What is grief?

Grief is a natural reaction to a significant loss in your life.

Experiencing grief is different for everyone, and can encompass a wide range of emotional and/or physical responses. It’s a process as highly personal and distinct as your relationship to your loss. While a significant loss is perhaps most often associated with death, it can result from losing anyone or anything that has played a meaningful role in your life, from a relationship to a pet, friendship, or physical ability.

Kinds of Loss

Kinds of losses commonly associated with feelings of grief can include:

  • Loss of a close friend
  • Death of a partner, classmate, colleague, or family member
  • Serious illness of a loved one
  • Relationship breakup
  • Leaving home
  • Illness/loss of health
  • Death of a pet
  • Change of job
  • Move to a new home
  • Graduation from school
  • Loss of a physical ability
  • Loss of financial security 
  • Sudden or shocking losses due to events like crimes or accidents  

Common Reactions to Loss

Remember, everyone reacts to loss differently. You may experience any of a range of these emotions, which include: 

  •  Numbness
  •  Disbelief
  •  Shock
  •  Sadness, despair
  •  Yearning
  •  Anger 
  • Guilt
  •  Feeling like you want to “escape”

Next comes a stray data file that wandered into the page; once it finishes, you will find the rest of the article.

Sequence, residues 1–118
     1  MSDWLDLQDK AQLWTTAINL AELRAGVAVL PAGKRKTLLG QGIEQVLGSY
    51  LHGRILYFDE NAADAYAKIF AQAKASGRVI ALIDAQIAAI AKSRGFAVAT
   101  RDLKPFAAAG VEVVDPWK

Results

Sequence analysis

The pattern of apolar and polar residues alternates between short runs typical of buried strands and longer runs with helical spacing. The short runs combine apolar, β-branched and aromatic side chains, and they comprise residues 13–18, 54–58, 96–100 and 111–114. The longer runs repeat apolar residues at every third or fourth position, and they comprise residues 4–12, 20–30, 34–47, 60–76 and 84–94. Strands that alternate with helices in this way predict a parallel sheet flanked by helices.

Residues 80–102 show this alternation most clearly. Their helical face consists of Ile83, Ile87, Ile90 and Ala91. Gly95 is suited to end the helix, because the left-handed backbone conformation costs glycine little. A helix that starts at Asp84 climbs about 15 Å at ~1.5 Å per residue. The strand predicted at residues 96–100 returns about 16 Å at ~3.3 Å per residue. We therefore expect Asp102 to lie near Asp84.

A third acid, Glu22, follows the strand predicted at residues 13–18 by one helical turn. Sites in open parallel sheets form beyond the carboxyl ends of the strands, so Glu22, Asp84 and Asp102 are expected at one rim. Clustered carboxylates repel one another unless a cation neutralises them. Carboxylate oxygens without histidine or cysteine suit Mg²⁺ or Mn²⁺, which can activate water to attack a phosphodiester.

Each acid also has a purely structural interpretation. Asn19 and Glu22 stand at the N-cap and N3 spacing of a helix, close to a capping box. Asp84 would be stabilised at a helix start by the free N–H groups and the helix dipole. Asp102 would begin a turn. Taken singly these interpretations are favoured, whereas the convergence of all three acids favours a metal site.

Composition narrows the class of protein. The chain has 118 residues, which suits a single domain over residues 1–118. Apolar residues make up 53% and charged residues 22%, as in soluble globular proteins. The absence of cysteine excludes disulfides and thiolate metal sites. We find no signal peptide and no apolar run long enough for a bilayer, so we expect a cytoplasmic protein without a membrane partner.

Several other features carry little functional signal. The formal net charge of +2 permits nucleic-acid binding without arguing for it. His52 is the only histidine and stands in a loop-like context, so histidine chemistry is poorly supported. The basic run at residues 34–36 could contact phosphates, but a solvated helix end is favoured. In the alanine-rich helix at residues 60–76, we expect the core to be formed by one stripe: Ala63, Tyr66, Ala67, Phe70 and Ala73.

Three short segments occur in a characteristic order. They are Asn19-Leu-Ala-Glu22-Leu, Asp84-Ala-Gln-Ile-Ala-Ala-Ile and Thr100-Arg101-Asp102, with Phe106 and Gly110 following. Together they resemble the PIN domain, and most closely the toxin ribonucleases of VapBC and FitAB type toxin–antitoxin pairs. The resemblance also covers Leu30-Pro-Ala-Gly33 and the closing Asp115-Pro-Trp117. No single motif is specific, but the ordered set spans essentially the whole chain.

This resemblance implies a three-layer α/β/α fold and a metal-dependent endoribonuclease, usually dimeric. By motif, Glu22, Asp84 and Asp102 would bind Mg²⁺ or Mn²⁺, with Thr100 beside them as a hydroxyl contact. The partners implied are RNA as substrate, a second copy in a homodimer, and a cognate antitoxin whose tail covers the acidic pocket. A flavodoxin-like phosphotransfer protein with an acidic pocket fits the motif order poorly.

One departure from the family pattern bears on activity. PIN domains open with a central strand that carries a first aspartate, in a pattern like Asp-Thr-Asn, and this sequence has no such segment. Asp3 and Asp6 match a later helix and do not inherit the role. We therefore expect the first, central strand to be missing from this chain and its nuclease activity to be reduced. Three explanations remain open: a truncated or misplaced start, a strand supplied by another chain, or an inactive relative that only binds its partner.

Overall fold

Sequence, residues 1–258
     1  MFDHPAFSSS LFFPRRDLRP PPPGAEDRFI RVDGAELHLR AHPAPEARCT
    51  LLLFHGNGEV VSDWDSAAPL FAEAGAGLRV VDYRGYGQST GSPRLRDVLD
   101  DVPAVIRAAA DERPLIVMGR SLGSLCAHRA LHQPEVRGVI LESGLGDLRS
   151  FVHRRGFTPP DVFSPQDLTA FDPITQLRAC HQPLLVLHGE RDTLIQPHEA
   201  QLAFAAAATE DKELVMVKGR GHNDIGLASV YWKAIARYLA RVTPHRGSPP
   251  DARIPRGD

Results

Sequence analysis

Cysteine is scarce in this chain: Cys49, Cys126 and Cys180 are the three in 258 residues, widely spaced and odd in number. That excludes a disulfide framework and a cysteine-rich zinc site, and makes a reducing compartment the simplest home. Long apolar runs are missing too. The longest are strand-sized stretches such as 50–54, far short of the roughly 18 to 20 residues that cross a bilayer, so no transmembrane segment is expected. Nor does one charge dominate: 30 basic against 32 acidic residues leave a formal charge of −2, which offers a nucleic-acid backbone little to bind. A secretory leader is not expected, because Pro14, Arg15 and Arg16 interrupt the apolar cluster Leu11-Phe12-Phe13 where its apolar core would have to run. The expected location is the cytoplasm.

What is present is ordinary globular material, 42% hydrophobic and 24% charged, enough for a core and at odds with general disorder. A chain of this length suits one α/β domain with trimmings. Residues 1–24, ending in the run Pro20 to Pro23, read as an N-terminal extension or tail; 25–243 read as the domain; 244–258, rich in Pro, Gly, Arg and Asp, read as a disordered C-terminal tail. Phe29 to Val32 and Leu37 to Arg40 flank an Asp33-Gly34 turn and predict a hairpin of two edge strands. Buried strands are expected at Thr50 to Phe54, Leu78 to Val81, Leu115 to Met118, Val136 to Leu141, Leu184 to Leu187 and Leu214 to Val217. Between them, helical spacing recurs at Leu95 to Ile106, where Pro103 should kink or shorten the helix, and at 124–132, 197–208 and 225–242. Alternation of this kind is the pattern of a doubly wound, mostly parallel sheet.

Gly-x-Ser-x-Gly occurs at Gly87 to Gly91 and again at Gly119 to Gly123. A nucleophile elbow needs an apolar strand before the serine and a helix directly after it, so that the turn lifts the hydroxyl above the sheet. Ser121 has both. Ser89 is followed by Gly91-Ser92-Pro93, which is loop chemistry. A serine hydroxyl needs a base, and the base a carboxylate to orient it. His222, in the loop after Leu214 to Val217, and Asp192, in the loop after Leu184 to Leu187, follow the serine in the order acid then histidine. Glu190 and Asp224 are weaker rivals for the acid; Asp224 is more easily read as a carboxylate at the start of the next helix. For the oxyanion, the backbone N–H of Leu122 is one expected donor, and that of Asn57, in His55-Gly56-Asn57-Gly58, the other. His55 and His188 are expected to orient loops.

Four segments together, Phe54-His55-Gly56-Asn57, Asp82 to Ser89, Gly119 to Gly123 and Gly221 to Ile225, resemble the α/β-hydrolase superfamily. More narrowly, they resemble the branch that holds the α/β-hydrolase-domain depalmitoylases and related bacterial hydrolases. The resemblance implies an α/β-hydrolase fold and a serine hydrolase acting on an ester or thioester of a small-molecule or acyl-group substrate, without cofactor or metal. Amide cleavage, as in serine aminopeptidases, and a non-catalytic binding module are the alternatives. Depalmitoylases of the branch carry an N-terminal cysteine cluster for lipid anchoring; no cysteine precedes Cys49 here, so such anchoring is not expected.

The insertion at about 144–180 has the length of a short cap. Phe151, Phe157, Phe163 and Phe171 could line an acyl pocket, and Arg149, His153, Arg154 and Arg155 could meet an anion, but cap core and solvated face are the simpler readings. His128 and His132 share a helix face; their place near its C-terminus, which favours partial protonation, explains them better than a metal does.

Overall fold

•  Difficulty concentrating
  •  Feeling frustrated or misunderstood
  •  Anxiety, nervousness, or fearfulness
  •  Lack of energy and motivation
  •  Physical symptoms such as nausea, insomnia, change in weight     

Coping with loss

Remember that there’s no normal timetable for coping and recovering from grieving a loss. Below are some suggestions of healthy ways to cope with your grief:

  • Be patient. – Give yourself and others time to absorb the loss, cry, and grieve. Don’t try to control what you or others feel to “speed” the process along.
  • Surround yourself with support – talk with others about your loss. Grieve with others who share your loss, or find a support group.
  • Take care of yourself. – Maintain other healthy habits, like eating well and getting at least 8 hours of sleep.
  • Do something you enjoy – that takes your mind off of your grief, such as exercising, reading, quiet time, watching a movie, playing a game, hanging out with friends, etc.
  • Let yourself feel what you’re feeling. – Allow yourself to cry, feel the pain, and any other emotions that stem from your loss. Suppressing your feelings only impedes the healing process.
  • Express how you feel in a creative way.  

Stages of grief